“You get exposed to a wider range of things and it can be challenging but very exciting at the same time”: enablers of and barriers to transition to rural practice by allied health professionals in Australia

“You get exposed to a wider range of things and it can be challenging but very exciting at the same time”: enablers of and barriers to transition to rural practice by allied health professionals in Australia Journal Article

BMC Health Services Research

  • Author(s): Kumar, Saravana, Tian, Esther Jie, May, Esther, Crouch, Rosanne, McCulloch, Mandy
  • Published: 2020
  • Volume: 20
  • ISBN: 1472-6963

Abstract: Background: There is consistent evidence highlighting the mal-distribution of the health workforce between urban and rural and remote regions. To date, addressing this mal-distribution has focused on medicine and nursing with limited initiatives targeted at allied health. Therefore, the aim of this research was to explore the enablers of and barriers to transition to rural practice by allied health professionals across South Australia in Australia. Method: Qualitative descriptive methodology was used to underpin this research. Individual, in-depth semi-structured interviews were conducted with employers, managers and allied health professionals from rural regions of South Australia who were identified using purposive maximum variation sampling strategy. Results: A total 22 participants shared their perspectives on the enablers of and barriers to transition to rural practice by allied health professionals across South Australia. Thematic analysis of the interview data resulted in a number of key issues impacting transition to rural-based practice. These findings could be broadly categorised into three stages during the transition: ‘before’; ‘during’ and ‘after’. Discussion: This study identified a range of enablers of and barriers to transition to rural practice by allied health professionals. Five overarching themes – nature of rural practice, exposure to rural ‘taster’, social/lifestyle, job availability/characteristics, and mentor and support were identified. In particular, exposure to rural ‘taster’, social/lifestyle, and mentor and support were the key themes reported by the stakeholders. The multifactorial nature of the barriers and enablers highlight the complexity underpinning how AHPs transition to rural-based practice. These barriers/ enablers are often inter-linked and continually evolving which pose significant challenges for health care stakeholders to successfully addressing these. Conclusion: This research sheds light on the complexities that confront and successful strategies that are required for health care stakeholders when considering how best to support allied health professional transition to rural practice.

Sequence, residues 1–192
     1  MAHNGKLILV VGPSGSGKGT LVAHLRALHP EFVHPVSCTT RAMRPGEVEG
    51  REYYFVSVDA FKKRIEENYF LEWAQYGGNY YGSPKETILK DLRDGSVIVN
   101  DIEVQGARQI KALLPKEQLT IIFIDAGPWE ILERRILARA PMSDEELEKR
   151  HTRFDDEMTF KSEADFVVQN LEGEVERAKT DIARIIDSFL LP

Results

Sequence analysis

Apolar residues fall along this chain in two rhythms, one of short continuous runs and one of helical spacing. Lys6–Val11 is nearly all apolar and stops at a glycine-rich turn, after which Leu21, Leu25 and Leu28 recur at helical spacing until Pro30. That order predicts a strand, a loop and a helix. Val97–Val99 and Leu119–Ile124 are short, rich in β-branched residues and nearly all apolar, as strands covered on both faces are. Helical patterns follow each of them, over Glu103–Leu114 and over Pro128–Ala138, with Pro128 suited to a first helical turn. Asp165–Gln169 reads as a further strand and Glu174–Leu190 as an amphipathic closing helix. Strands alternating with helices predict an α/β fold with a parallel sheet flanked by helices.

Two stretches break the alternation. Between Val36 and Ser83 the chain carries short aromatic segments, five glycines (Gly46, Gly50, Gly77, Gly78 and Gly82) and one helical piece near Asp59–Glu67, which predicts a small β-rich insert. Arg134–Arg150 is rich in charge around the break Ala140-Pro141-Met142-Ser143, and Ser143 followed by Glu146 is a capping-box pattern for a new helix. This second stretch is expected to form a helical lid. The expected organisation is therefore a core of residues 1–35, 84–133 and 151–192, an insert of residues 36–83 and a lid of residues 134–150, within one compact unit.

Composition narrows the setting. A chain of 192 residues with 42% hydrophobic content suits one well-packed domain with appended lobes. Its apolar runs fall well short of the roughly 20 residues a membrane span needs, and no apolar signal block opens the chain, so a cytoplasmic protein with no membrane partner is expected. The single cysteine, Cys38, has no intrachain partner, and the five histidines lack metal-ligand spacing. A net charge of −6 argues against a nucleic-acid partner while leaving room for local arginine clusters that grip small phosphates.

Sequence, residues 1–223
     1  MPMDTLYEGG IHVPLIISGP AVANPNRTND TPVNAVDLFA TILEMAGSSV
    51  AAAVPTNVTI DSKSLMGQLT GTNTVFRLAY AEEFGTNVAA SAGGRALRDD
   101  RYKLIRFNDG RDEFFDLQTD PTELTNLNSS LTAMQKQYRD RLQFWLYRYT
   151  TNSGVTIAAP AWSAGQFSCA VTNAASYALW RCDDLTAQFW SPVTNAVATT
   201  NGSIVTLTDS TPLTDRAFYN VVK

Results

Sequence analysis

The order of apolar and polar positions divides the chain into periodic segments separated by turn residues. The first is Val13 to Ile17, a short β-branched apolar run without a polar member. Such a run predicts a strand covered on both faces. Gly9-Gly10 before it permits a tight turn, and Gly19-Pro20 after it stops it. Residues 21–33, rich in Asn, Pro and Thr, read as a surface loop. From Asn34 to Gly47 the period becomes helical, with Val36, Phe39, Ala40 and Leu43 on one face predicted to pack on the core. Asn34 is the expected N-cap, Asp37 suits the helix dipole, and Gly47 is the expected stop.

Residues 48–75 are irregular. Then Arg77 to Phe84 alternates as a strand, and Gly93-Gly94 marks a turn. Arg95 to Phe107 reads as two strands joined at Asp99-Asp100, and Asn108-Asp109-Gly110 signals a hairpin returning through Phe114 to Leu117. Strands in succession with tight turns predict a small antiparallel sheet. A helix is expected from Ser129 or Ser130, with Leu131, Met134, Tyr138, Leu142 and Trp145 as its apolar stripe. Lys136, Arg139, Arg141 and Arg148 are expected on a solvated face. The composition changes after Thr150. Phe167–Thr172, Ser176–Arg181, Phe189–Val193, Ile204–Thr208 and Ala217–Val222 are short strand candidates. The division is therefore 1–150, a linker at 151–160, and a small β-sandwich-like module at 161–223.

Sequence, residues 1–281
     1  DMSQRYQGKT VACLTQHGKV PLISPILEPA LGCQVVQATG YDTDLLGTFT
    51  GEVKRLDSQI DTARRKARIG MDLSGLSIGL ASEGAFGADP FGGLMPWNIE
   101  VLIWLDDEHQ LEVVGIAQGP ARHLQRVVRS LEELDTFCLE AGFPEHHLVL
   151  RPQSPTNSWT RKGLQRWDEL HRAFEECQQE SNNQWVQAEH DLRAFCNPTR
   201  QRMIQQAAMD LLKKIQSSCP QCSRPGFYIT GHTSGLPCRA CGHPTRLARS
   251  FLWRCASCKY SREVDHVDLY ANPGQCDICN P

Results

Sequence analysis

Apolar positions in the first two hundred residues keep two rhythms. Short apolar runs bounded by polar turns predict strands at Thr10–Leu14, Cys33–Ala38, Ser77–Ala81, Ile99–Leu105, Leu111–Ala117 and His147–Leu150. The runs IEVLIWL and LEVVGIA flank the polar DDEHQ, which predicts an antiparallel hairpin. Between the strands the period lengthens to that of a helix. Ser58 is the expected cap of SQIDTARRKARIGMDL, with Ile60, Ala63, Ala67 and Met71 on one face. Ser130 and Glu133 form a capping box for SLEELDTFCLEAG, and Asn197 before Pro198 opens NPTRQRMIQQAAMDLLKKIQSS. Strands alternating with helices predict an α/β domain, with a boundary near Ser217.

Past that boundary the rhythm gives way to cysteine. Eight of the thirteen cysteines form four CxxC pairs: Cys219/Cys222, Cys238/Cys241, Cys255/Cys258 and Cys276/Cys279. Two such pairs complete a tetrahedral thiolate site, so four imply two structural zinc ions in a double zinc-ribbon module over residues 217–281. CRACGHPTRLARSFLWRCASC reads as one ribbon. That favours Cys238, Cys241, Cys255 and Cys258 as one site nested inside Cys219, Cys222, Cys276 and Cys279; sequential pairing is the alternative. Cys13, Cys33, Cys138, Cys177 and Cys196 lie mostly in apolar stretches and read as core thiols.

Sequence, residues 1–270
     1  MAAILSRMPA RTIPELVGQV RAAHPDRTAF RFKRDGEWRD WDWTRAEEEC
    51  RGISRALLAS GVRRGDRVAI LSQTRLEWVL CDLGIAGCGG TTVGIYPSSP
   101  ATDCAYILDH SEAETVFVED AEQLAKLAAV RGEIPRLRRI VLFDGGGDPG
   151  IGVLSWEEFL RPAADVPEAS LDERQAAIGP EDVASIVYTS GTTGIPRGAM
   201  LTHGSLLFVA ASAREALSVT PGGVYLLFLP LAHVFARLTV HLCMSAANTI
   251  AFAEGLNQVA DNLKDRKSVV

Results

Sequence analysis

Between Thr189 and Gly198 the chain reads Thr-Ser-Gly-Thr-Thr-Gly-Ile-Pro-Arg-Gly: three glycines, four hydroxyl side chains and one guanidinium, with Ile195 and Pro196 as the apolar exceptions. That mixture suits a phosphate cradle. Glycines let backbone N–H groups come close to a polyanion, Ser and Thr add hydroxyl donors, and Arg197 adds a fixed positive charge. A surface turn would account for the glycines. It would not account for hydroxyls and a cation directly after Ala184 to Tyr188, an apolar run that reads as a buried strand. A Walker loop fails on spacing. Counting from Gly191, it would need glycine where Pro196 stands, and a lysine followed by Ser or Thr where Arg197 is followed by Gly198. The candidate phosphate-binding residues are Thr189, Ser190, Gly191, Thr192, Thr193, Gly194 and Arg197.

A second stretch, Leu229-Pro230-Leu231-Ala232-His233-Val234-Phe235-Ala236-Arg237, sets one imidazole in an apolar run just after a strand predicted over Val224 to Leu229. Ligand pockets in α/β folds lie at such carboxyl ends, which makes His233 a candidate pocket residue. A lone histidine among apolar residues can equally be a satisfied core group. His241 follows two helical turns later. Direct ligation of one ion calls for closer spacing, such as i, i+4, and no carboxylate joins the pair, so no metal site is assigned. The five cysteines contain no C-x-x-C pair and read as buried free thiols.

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Suggested Citation
Kumar, Saravana, Tian, Esther Jie, May, Esther, Crouch, Rosanne, McCulloch, Mandy, 2020, “You get exposed to a wider range of things and it can be challenging but very exciting at the same time”: enablers of and barriers to transition to rural practice by allied health professionals in Australia, Volume:20, Journal Article, viewed 15 June 2024, https://www.nintione.com.au/?p=16660.

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